According to the World Health Organization, in a 2002 report, Glaucoma is the 2nd leading cause of blindness after Cataracts worldwide. In the United States, Glaucoma is the 2nd leading cause of blindness after Macular Degeneration, closely followed by Diabetic Retinopathy.
What does the average person need to know about Glaucoma? Lets talk about what we do and do not know about this sneaky disease that robs a person's vision by slowly and silently killing the OPTIC NERVE which sends vision signals from the eye to the brain.
First, what we know:
Science and clinical experience have provided us with an excellent ability to treat glaucoma and significantly reduce your risk of blindness from the disease if detected in time. We treat glaucoma with eye drops that lower the internal pressure of the eye. The better we control eye pressure, the more we protect the dying nerve and preserve a person's vision. We also have learned that the earlier we intervene with glaucoma, the easier it is to control or stop ongoing damage to the nerve. Glaucoma seems to have inertia. Advanced cases are reportedly more difficult to control--similar to putting the breaks on a freight train. That perception may be due to a reduced margin for error when glaucoma is at its end stage when there is very little nerve left to save. We do have patients we treat who came to us with very minimal nerve left and were dangerously near blindness, who have managed to keep their remaining vision with consistent treatment.
We know that there are several types of glaucoma. The primary types are those described in this post and are the most difficult to understand. There are several secondary types that happen when the pressure spikes due to anatomical problems, genetic defects, or injury.
What we don't know:
In the past, our view of glaucoma was rather simplistic. Too much pressure in the eye pinched the nerve and slowly strangled it to death. The pressure became elevated due to poor drainage or excessive production of the fluid that is constantly being exchanged in the front of the eye. While this certainly explains some glaucoma cases, there are many that don't fit this tidy scenario. For those of us that battle this disease daily, glaucoma is the Sneak-thief of sight. Sometimes it can look like you have glaucoma when you don't. Conversely, it can look like you don't when you do, and is often missed at Eye Exams. You can have high pressure and no glaucoma, or you can have normal pressure and have glaucoma. And if you have low pressure glaucoma, we treat by lowering the pressure (which is proven to help), but we don't know why it does. When you add to that the fact that you have to lose a significant percentage of your nerve (50-75%) before we can measure damage to your vision via Visual Field testing (one of the traditional keystones to diagnosis), you can begin to appreciate why diagnosing it can get so complicated. Theories abound, but why glaucoma actually happens is still a mystery.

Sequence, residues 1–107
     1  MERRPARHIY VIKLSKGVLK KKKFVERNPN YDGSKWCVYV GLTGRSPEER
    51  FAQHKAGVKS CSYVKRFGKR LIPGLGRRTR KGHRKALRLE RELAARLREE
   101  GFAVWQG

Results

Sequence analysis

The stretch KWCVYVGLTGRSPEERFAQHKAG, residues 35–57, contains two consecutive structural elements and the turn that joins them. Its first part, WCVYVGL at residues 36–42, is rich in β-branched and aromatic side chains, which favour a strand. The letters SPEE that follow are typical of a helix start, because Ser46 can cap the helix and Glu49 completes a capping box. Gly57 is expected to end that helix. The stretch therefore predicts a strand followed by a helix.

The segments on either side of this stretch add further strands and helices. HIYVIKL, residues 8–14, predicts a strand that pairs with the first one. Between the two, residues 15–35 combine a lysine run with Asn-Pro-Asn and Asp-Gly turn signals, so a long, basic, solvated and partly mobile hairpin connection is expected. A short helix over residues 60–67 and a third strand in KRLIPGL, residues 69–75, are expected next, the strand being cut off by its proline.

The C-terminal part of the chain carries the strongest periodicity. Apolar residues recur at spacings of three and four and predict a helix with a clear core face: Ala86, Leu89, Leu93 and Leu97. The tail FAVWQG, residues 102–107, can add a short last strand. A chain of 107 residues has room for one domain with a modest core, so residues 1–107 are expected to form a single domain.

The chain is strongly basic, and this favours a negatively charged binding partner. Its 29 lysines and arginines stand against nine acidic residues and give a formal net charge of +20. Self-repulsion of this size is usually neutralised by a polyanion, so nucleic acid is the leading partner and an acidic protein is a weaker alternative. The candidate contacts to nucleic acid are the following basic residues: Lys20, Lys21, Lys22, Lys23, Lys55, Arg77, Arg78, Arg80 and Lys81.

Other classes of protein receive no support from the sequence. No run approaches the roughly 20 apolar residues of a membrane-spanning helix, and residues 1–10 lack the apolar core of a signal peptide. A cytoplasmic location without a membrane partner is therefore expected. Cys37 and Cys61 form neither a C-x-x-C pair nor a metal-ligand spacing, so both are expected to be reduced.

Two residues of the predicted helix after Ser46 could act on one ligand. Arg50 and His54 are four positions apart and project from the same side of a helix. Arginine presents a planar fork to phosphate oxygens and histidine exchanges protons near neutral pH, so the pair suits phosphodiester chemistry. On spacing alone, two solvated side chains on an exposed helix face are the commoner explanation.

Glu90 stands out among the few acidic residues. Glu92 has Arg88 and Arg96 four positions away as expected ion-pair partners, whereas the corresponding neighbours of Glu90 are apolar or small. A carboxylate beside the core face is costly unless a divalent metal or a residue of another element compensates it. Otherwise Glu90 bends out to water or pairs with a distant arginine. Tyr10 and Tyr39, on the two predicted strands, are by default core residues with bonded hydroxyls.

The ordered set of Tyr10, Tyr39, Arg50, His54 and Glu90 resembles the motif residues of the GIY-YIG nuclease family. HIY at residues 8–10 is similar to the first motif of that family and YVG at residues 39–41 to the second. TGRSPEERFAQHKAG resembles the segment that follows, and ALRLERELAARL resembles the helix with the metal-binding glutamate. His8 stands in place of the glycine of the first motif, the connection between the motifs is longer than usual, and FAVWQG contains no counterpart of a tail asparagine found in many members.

So, the moment glaucoma starts in a patient, the majority of doctors will miss it. The moment you go blind from glaucoma, the majority of doctors will admit that you have it. And there is this large chasm between the two. In medicine, we love to be certain of our selves and our diagnoses which I think lends bias toward later diagnosis since glaucoma doesn't get obvious until its later stages.
Over the past few years, scientific study has helped us define some of the risk factors associated with the Primary glaucomas. In general, they are listed in order of importance:
- High pressure
- large Nerve cupping
- thin corneas
- Family History
- African, Asian, or Latin race (but all races affected)
- Severe Myopia (near sighted)
- systemic disease--high blood pressure, diabetes
- Sleep Apnea
- History of Migraines
Because glaucoma is an asymptomatic process, and because it doesn't become obvious until its end stages, there is a movement toward early diagnosis. We know that the earlier we diagnose this disease, the more uncertainty we have to live with, and the more we have to rely on the preponderance of risk factors. In medicine, we commonly treat based on risk factors (we lower cholesterol to reduce your chances of Heart Disease and Stroke, for example.) Thinking of glaucoma this way is a paradigm change from the days when we wanted to declare with absolute certainty that "you did or did not have glaucoma" when we finished up your eye exam.
Today, one of the most significant tools we have in our toolkit is the LASER. In our office, we use Ocular Coherence Tomography (OCT) by Humphries Ziess to measure the thickness of your Retinal nerves and track that thickness over time. Thinning nerve suggests glaucoma. We also use high resolution retinal photography over time, we measure your corneal thickness, and the gold-standard Visual field testing over time (which really doesn't tell us too much in the early stages of the disease). We combine the data we collect from these tests with what we know about your risk factors and make our decisions about treatment or followup.
With all the uncertainty about the origins of glaucoma and its early detection, we are very certain about treating the disease. Our goal is to lower the pressure in your eyes, and then monitor the health of your nerve as we keep your pressure down over time. Today's meds are effective and easier than ever. In most cases, one drop of medicine in your eyes each night does the trick. If today's first-line meds don't work, we may have to use additional drops, which may mean instilling drops 2 or 3 times a day. If drops don't work, then we use LASERs and surgery to reduce eye pressure. Effective eye-pressure control protects the health of your nerve and preserves your vision.